"Patriotism is the willingness to kill and be killed for trivial reasons." Bertrand Russell

Thursday, October 14, 2004

to Andrew Sullivan

You wrote:

"Yes, much of this is myth. But myth matters. A nation that is not
built on race or creed or an ancient history must build itself on
something else. And Americans built themselves on an idea of liberty
and wrapped it in the myth of elsewhere."

I was wondering where the American Indian fits into your land of
'embedded sanctity', how did the American Indian prosper in what you
describe as a place where "Its founders saw....as a place apart" a
place "to escape persecution....where their tormentors could not
follow." What torment did the American Indian escape 'to'. This rose
coloured picture you attempt to paint is understandable in light of
the attrocity of 9/11, but the fact is America has a long history of
minority (in the case of African slaves, the African-American
people, the American Indian, Mexican immigrants etc) persecution,
which, to attempt to pass off as a myth but "a myth that matters. A
nation that is not built on race or creed or an ancient history must
build itself on something else. And Americans built themselves on an
idea of liberty and wrapped it in the myth of elsewhere" is
basically intimating that in your opinion, it is true.

The purpose of this historically eulogistic piece is not evident
until you mention the "demons" who "have done....something that
reflects not an ignorance of America. The war they have launched is
based on a fierce insight into the American psyche." This is not
disputable, the actions of those responsible for 9/11 and the
bombing in Madrid is unforgivable, but as the piece continues the
terrorists become more general, until it becomes clear that
terrorists are the Arab people, "They have seen that, as Israel has
been pounded by the same murderous thugs." Your coloured view of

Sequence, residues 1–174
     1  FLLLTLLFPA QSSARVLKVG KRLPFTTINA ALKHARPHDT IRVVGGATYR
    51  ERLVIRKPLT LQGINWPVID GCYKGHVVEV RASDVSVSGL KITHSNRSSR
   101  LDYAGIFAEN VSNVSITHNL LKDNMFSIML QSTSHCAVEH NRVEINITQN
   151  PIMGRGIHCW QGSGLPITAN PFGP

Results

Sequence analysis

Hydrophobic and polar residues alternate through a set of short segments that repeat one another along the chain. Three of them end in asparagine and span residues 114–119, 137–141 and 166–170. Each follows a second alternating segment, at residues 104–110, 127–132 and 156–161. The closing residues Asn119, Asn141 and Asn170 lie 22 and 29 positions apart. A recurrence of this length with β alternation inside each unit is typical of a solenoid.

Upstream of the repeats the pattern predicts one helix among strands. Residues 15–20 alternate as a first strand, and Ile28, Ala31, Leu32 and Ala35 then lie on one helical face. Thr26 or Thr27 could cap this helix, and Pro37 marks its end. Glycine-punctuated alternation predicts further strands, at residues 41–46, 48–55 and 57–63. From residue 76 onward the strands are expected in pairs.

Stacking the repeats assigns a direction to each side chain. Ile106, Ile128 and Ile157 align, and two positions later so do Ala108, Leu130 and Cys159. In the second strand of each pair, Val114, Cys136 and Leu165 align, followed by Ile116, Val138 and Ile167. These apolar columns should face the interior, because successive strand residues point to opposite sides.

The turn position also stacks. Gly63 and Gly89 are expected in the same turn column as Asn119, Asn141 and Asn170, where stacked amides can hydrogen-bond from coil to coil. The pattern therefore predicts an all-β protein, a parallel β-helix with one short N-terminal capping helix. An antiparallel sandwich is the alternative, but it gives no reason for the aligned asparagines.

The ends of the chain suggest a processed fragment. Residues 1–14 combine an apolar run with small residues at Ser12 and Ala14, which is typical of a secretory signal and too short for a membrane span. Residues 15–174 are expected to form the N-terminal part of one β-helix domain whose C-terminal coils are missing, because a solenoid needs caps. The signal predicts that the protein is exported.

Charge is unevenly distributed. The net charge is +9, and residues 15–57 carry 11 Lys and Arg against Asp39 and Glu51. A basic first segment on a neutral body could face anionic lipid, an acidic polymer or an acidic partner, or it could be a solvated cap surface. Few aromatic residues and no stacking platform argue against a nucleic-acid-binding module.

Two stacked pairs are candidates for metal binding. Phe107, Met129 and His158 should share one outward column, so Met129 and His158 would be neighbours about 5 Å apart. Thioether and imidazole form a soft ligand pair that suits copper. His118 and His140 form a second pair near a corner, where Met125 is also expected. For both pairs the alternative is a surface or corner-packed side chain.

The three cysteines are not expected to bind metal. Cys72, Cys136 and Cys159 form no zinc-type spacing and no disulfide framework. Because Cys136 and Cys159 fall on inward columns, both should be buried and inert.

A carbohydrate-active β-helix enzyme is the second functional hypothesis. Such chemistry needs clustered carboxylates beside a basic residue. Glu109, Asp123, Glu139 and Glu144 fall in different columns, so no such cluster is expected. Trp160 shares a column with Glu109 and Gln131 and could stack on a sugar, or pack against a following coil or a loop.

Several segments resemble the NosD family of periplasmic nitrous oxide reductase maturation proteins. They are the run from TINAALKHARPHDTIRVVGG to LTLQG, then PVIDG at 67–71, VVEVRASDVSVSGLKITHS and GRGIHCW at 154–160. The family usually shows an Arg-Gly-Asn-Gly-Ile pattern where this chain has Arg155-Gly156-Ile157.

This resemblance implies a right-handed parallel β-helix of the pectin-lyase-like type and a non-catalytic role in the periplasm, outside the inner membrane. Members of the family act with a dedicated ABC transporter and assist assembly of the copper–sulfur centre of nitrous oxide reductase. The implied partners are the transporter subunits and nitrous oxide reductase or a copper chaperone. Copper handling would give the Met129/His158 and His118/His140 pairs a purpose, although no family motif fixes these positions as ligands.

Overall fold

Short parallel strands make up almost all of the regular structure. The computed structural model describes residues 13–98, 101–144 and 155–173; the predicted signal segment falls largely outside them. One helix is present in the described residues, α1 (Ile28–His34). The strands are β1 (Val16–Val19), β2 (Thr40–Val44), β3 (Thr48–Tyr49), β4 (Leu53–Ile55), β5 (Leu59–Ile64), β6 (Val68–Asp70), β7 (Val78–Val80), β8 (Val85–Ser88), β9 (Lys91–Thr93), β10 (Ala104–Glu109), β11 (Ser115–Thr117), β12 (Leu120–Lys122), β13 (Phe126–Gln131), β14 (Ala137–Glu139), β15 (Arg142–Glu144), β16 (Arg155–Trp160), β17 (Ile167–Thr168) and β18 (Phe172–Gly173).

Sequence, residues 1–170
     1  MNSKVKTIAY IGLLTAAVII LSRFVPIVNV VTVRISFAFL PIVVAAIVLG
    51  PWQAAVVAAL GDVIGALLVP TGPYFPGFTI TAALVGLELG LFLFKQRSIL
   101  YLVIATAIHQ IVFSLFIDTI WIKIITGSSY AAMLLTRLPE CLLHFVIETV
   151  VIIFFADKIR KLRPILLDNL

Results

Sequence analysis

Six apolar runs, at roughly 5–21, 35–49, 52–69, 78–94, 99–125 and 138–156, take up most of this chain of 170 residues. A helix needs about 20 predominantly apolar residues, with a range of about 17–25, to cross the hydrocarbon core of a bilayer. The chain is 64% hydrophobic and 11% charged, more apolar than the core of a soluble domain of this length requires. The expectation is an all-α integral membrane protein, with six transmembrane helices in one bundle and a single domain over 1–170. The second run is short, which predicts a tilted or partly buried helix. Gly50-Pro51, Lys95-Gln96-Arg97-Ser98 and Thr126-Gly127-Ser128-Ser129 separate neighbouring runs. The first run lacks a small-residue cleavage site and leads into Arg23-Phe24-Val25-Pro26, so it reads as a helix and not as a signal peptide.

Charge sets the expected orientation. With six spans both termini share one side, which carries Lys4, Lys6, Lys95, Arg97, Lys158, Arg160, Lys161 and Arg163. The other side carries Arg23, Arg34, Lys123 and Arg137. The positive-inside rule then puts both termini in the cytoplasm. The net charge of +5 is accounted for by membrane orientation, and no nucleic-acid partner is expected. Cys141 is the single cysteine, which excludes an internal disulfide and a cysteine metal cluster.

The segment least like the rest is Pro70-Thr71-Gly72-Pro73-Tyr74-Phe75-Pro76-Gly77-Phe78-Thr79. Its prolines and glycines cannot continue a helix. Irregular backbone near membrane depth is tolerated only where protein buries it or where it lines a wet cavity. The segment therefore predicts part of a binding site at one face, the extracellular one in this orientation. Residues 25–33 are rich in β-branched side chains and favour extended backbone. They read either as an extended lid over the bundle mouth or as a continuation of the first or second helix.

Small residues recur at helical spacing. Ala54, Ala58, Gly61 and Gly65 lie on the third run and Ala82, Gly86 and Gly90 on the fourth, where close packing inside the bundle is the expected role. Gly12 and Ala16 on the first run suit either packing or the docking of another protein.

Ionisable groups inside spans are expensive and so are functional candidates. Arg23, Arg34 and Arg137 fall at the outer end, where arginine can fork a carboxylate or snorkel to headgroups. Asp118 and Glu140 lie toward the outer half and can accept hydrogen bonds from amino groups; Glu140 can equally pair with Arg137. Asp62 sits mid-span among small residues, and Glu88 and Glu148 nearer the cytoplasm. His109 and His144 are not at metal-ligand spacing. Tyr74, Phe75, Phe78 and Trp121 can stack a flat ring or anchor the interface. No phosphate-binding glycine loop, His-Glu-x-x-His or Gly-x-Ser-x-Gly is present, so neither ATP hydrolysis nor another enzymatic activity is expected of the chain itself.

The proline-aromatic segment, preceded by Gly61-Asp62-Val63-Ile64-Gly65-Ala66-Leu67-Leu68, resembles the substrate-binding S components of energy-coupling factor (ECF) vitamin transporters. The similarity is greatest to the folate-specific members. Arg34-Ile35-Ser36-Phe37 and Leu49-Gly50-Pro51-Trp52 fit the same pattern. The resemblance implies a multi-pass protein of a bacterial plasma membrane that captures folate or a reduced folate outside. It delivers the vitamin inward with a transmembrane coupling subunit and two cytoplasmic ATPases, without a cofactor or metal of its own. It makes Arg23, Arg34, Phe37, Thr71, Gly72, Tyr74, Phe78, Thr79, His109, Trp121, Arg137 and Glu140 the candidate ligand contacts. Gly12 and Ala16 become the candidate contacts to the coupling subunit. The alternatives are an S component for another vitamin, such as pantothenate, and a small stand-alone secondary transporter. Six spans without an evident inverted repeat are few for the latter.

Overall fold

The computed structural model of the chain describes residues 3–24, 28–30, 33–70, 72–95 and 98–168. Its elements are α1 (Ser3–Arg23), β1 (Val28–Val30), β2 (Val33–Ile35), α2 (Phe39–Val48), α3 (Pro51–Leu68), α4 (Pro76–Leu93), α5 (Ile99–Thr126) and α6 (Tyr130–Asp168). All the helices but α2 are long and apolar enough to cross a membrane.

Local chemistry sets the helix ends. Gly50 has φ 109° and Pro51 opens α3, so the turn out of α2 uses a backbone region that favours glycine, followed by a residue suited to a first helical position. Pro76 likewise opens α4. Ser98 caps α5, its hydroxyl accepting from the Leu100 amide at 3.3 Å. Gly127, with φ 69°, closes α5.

history continues with "This country is at its heart a peaceful one.
It has done more to help the world than any other actor in world
history. It saved the world from the two greatest evils of the last
century in Nazism and Soviet Communism" where you fail to even
envisage a reason why these terrorists commit such acts. The US is
not the peaceful omnipotance you entertain, but one envloved in
dirty dealings, arms sales, government coups, dictator support etc,
American politicans are not infallible, neither are histories most
famous (not in-famous) leaders (Churchill "I do not understand the
squeamishness about the use of gas. I am strongly in favour of using
poisonous gas against uncivilised tribes.").

You are right to assert that "they have no ability to match American
military force, they chose to use no weaponry at all". Then you
begin to realise that terrorism is closer to home "The Muslim sect
that pioneered the first attack on the World Trade Center in 1993
was connected to Osama bin Laden, but had as its inspiration a
demonic mullah who lived in New Jersey," but you fail to connect the
dots between the terrorists and those who trained the terrorists.
The CIA are much closer to home, perhaps too close.

I would also like to bring to your attention two other things
Abraham Lincoln stated, "Those who deny freedom to others, deserve
it not for themselves; and, under a just God, can not long retain
it;" "As I would not be a slave, so I would not be a master. This
expresses my idea of democracy. Whatever differs from this, to the
extent of the difference, is no democracy."

On a final note, do you think it appropriate to refer to dropping
two atomic bombs (resulting in 260,000 civillians killed, wounded or
missing) on Japan as getting "down to business."

and, on April 23rd 2004


After reading your article "hope for iraq" I was stumped by the use of the word "hyped" in reference to news emanating from Iraq in the last few weeks. I wonder how infact the news of "fierce fighting" as some newspapers like to describe could possibly be "hyped." I don't wish to linger on this one word, but hype insinuates "sensational promotion" which is far from the truth. The truth for that matter is that the reporting of events in Falluja has been, for the most part, biased towards the anguish endured by coalition troops. Further confusion arises when you refer to the Iraqi "insurgents" as only trying to appear to cause chaos. In this line of thinking, do Iraqi civillians only appear dead, half mutilated or burnt beyond recognition. Because if this is case then thank you for informing me, I will cease feeling any remorse for countries role in this war. This critisim may seem glib, but that is not my intention. The ongoing violence in Iraq is claiming the lives of many innocent civillians (to amend your figures, the actual ratio of 10 to 1 was Iraqi civillians and insurgents to US troops, the order here representing the most casualties to the least) which is not being fully realised in the popular press. Thank you for your time.